theory, video essay

2028 – Müdigkeitsgesellschaft, The Burnout Society: Byung-Chul Han in Seoul/Berlin (essay documentary 2015)

A Film by Isabella Gresser

An Essay Documentary Film narrated by and featuring Korean-German Philosopher Byung-Chul Han. Han talks about the contemporary phenomenon of the ‘Burnout Society’. He raises the question of how we want to live today, and uncovers the underlying themes of an achievement-oriented digital society.

Read more by Byung-Chul Han: The Burnout Society (Stanford University Press), Psychopolitics: Neoliberalism and New Technologies of Power (Verso Books) available on libgen.is (YT)

interview with Byung-Chul Han

interview by art review with Byung-Chul Han

review in LARB of Burnout Society

Without reading none of his celebrated books, I still have a big reluctance of what I regard a well-qualified but still blatantly anti-technological stance that Byung-Chul Han professes. To me, that smells too much of Martin Heidegger and too little of Marshall MacLuhan. There is also the feeling that there is too much convergence with the current (fully digitized) mindfulness. In a sense ‘smart’ technologies themselves offer nowadays an improved default mindfulness setting, as if in agreement with what Zizek once called a ‘decaffeinated’ version, a new sort of Decaf Reality. Mindfulness apps abound. Remains to be seen if these are just adjustments on the go – another sign that there is more and more need for what is perceived as “growing disillusionment” with future prospects and what feels more and more like a ‘labor camp’ type Googlag working environment. Tang ping is another term that is being coined completely independent from Byung-Chul Han’s diagnosis of post-Fordist malaise, but has a lot in common with his ideas about the current threadmill.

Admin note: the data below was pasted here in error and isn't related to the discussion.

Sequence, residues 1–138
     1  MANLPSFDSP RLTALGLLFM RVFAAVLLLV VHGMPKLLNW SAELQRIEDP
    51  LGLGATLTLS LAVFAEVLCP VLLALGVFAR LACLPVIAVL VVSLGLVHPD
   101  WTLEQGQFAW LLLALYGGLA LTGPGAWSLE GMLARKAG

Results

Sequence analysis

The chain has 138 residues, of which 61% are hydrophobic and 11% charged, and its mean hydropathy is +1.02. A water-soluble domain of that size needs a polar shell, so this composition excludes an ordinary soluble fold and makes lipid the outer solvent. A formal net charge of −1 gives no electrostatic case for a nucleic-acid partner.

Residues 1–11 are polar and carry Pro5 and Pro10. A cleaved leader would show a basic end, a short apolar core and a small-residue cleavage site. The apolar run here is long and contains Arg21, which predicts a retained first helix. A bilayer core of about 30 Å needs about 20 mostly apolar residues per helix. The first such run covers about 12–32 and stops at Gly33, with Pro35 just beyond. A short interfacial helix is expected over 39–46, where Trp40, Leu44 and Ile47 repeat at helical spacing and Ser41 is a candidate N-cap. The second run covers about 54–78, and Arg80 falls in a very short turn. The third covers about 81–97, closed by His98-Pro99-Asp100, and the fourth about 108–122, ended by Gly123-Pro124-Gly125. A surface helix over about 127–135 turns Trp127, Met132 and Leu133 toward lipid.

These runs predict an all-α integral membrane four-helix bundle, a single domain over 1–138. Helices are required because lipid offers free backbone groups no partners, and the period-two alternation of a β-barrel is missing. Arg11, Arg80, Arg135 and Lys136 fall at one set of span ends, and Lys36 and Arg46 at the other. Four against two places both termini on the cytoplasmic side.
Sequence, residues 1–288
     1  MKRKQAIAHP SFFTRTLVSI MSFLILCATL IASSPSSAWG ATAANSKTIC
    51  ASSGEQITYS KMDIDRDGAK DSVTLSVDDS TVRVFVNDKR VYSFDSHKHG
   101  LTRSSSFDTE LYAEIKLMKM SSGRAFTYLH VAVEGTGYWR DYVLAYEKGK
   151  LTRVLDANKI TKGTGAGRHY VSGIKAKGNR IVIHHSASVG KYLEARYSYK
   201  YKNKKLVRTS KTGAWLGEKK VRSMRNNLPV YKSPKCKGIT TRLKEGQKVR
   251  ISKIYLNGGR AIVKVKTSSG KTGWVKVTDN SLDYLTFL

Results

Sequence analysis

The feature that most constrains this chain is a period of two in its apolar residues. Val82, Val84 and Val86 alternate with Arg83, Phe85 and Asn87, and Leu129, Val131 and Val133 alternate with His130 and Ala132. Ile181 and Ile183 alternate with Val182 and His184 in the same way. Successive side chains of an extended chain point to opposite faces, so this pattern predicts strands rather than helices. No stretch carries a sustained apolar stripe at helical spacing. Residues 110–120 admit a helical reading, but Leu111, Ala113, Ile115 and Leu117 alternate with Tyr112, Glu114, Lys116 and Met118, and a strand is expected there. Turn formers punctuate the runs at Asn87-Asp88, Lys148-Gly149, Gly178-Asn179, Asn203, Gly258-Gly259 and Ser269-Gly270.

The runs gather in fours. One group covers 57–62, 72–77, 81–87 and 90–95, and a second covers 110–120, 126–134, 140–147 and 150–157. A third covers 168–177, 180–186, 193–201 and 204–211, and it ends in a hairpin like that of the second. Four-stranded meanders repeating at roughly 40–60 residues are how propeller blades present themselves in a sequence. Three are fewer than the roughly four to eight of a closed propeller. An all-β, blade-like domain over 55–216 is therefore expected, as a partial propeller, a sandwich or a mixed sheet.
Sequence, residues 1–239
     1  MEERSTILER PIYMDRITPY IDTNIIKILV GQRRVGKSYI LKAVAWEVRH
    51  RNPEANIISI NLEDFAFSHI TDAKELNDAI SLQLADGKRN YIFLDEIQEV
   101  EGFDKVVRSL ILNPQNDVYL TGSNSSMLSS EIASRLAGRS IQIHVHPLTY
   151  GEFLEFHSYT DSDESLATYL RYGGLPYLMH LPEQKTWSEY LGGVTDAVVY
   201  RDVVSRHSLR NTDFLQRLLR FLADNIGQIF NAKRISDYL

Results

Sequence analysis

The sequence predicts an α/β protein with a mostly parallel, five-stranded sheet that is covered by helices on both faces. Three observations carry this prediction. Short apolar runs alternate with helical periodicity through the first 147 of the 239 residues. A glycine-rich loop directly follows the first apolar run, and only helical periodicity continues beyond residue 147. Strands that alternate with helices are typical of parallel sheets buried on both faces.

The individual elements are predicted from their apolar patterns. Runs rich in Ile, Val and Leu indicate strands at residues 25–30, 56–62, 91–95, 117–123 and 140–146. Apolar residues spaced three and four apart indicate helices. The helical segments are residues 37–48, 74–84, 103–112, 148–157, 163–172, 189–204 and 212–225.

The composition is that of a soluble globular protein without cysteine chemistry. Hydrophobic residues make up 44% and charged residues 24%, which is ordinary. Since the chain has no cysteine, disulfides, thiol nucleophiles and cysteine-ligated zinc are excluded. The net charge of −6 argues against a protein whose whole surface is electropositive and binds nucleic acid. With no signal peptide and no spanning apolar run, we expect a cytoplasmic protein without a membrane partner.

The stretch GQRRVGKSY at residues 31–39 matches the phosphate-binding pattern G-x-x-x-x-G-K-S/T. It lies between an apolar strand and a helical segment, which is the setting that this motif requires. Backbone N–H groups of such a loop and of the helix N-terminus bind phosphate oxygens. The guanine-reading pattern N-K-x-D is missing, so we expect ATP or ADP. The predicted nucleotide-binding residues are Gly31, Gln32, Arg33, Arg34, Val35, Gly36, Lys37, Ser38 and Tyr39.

I also think that Byung-Chul Han’s emphasis on Panopticon is still much too imprecise and tributary to Foucault’s own predilection for early modern examples, so it risks (in my mind) missing out on the current shift of digital governance from Foucalt’s older ‘panopticon’ to the (particularly in China but also Gaza Strip/Israel) new model of ‘panspectron’ (as highlighted by Gabriele de Seta and Rogier Creemers.

By posting this documentary essay that I quite like, it is important on Byung-Chul Han – a star philosopher of recent years. Yes, I consider his ideas timely, zeitgeisty and appreciate very much his slide from studying metallurgy to philosophy and art theory. I also think that anything that might help slow down or throw some light on the nature of time (of Money) transformations under financial capitalism, or on the ideology of work, on the workings of ‘hustle culture’ and the gig economy, on ‘death by overwork’ (過労死, Karōshi), for qualifying the so-called Asian economic miracle as capitalist mode of hyper-production, and on paradoxical modes of incomplete, non-utilitarian, Taoist (emptiness philosophy inflected) non-productivist, non-optimized living speaks to this very moment of tiredness and widening depression. His own wanderings trough both East/West and his necrosophic musings within cemetery grounds and poetry (as seen in this documentary) brings him very close to my own orientation and others that I have been collaborating with over the years. He also makes a very cool reference to the Momo novel by Michael Ende that turns out to be one of the most precious and timely books on accelerationism or today’s burnout society.

Special thanks to Felix P for sharing the books of Byung-Chul Han and especially this documentary.

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